The aim of the project was to determine the personal qualities that significantly influence the level of poker skill. 100 people participated in the study, 82 of whom studied at the University of Lethbridge and 18 were local residents. 80% were white, 54 men and 46 women with an average age of 23.48 years, and received from the scientists from $0 to $100 depending on the skill demonstrated (they played poker against one of the university's robots).

It should especially be noted that the task was not to explore the nature of poker genius. They don't hire aliens like Ben Sulsky and Isaac Haxton for studies. The most important thing was to identify general trends.

After studying the data from the experiment, scientists came to the conclusion that a high general IQ has no effect, or practically no effect, on the level of poker playing. High intelligence was never mentioned as one of the attributes required by the best players. According to the study authors, having an average or slightly above-average IQ is probably all you need to be successful at poker.

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Mathematical ability?

It was not possible to identify any link between counting ability and poker skill. Poker is considered a mathematical game, but the calculations required of players are generally quite simple and do not go beyond basic arithmetic.

Poker skill was most strongly associated with two factors:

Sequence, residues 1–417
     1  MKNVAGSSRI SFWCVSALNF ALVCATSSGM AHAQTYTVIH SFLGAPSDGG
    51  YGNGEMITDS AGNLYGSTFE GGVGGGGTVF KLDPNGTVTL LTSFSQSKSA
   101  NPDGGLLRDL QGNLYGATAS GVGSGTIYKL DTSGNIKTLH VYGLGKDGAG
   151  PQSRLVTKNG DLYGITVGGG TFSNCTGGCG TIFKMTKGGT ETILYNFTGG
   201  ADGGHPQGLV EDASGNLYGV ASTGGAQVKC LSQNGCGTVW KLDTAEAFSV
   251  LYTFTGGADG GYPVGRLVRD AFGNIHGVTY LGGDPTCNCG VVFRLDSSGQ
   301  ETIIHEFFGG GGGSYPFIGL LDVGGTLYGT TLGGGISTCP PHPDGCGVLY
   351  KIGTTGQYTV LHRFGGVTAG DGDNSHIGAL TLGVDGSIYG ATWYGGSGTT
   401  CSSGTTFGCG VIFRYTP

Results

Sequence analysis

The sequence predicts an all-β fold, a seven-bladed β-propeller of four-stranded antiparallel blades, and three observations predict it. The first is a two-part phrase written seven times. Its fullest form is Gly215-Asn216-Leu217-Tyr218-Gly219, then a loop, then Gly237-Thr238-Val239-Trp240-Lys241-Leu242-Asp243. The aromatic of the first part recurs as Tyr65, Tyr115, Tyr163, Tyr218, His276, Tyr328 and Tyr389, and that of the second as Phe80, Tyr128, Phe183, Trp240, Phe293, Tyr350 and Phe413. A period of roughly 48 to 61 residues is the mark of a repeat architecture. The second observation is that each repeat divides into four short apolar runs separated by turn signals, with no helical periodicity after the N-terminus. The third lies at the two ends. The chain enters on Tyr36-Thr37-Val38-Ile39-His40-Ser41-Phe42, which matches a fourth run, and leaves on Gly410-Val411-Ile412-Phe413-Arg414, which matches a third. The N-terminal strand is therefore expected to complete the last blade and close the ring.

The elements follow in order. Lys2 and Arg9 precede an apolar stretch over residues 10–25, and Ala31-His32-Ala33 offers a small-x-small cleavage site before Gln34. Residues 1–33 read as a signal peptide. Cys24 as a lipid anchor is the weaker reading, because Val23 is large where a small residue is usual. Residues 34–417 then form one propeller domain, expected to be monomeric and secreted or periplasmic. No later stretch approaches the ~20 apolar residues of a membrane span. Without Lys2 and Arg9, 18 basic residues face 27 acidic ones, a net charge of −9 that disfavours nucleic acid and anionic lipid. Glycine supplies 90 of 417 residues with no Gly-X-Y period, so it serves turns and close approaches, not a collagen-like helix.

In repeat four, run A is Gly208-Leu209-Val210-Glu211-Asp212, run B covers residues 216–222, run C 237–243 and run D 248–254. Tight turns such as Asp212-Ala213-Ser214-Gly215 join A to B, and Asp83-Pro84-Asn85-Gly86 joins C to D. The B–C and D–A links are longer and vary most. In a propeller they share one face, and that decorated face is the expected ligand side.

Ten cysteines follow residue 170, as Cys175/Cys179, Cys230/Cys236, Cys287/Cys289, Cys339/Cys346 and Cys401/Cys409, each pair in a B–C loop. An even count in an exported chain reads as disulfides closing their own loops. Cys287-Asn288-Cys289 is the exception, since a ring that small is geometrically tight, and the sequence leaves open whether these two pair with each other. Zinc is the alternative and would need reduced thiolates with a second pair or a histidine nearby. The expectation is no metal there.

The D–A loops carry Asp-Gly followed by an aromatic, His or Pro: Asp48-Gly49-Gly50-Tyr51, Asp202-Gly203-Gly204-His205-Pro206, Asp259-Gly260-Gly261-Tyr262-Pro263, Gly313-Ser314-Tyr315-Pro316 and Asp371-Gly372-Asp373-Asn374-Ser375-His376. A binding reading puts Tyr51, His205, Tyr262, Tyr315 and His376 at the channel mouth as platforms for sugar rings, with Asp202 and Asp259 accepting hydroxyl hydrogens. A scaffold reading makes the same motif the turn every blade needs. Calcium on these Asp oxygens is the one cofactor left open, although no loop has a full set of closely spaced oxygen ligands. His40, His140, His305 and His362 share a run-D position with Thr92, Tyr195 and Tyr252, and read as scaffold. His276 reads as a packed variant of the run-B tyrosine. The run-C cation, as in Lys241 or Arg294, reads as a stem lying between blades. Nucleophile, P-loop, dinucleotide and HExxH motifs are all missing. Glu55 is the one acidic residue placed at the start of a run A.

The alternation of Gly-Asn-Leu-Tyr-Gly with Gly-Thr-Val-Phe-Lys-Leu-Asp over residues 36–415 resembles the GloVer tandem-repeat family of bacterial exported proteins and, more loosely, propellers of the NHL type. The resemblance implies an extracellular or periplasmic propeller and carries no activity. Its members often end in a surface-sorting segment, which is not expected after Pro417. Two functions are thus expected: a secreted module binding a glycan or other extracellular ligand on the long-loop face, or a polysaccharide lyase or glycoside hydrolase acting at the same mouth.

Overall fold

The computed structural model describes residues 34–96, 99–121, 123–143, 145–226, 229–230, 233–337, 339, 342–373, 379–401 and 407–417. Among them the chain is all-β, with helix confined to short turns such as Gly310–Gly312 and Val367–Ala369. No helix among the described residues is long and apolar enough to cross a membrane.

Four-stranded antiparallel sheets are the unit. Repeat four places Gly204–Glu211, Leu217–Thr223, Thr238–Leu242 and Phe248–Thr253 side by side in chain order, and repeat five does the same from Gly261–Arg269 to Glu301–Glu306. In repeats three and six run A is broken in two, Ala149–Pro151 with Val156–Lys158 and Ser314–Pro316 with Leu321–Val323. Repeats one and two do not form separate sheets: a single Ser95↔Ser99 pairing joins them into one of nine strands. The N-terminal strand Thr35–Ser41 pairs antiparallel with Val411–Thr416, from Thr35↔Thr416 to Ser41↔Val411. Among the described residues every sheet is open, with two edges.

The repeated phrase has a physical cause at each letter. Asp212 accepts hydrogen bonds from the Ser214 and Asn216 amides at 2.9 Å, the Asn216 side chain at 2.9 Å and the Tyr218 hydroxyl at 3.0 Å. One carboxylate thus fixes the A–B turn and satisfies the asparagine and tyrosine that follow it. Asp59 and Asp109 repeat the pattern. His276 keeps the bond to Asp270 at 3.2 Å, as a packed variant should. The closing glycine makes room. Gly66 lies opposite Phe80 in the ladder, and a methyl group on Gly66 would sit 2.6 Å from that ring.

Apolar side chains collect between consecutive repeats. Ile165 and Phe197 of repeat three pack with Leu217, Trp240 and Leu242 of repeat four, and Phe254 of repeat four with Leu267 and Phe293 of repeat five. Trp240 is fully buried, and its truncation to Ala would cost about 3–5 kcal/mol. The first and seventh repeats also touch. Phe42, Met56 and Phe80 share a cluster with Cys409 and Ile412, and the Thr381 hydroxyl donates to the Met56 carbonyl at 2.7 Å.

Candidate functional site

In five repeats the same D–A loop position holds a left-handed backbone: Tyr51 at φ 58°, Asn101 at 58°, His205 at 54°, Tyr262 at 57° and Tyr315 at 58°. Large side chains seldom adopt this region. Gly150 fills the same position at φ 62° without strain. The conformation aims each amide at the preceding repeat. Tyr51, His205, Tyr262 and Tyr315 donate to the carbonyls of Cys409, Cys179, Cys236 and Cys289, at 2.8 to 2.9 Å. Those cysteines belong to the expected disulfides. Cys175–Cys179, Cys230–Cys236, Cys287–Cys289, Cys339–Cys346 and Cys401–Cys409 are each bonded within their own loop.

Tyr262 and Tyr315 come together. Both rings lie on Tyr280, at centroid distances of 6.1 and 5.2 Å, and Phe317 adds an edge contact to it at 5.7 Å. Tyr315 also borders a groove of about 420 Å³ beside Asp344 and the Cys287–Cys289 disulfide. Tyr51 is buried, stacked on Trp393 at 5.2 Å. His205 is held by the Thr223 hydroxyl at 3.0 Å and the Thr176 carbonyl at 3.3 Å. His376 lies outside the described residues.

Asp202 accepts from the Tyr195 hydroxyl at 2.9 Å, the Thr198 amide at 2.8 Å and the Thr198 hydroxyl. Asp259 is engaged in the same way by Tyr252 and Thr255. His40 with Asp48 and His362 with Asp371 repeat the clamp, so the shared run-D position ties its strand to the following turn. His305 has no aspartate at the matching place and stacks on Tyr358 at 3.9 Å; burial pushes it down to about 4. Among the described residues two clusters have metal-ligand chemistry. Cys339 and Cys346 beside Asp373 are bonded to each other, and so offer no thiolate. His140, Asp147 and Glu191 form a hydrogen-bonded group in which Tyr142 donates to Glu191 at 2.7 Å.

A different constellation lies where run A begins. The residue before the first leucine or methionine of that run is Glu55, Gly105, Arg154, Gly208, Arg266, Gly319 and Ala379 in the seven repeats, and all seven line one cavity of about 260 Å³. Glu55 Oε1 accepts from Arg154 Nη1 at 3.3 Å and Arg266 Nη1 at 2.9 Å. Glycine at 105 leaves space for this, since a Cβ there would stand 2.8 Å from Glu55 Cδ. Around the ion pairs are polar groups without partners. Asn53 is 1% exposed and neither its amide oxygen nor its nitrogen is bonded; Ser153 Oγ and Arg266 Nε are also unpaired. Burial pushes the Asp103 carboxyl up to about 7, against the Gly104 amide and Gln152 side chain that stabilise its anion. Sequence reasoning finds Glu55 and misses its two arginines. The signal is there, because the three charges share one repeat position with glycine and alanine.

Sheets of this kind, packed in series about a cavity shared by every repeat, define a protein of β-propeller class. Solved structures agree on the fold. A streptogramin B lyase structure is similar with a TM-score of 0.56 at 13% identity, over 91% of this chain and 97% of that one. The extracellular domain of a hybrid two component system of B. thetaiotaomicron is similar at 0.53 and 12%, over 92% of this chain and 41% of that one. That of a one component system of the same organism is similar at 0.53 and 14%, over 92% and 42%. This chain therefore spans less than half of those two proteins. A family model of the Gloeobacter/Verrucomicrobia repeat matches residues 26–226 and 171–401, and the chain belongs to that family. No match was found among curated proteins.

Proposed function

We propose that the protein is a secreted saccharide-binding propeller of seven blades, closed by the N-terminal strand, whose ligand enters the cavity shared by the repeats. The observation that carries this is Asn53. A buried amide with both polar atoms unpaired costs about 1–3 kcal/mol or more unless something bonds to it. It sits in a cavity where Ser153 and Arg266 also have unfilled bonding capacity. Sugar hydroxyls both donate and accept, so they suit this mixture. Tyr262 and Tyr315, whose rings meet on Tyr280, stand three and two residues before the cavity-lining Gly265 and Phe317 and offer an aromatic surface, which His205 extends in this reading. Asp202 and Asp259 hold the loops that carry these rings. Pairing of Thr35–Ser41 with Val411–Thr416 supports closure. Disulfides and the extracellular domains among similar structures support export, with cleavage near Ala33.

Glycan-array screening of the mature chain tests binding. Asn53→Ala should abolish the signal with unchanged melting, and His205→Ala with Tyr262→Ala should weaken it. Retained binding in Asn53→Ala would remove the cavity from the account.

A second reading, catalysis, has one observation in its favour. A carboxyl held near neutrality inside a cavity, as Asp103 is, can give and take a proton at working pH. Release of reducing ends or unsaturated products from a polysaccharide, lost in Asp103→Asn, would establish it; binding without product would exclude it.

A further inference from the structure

1) the ability to resist typical errors in players' thinking

2) a good understanding of statistics.

Probabilistic intuition is innate, but this skill lends itself well to development. Basic calculation and understanding of how probability theory works in individual cases and in the long run can be considered essential qualities for a successful gambler.

Social skills?

One of the manifestations of social intelligence showed an average correlation with the level of poker play: the ability to read social information, that is, correctly interpret other people's behavior. The conclusions of the previous articles were confirmed: the strongest players are able to mentally simulate the behavior of their opponents and change their own strategy based on this. Other components of social intelligence did not influence the level of poker, so we can conclude that high social intelligence is not a necessary condition for a strong player.


Zero. Short-term memory was tested and there was no correlation with poker level. As far as can be assessed, long-term memory was not assessed.

Personality traits?

For the vast majority of characteristics, no association was found. However, scientists discovered two traits whose presence significantly reduced the likelihood of being a high-level poker player. These terrible poker traits turned out to be a sense of beauty and a rich imagination. A poker player must be a practical realist who is not carried away by art or beauty. Perhaps this will help you to be less distracted from the game and maintain concentration for a long time.

The four best poker players in this study had the characteristics necessary for slightly above average (but never maximum) success. Considering that no strong correlations were found for any factor, we can conclude that a successful poker player must have a wide range of attributes; It's not enough to be a genius in one or two different aspects.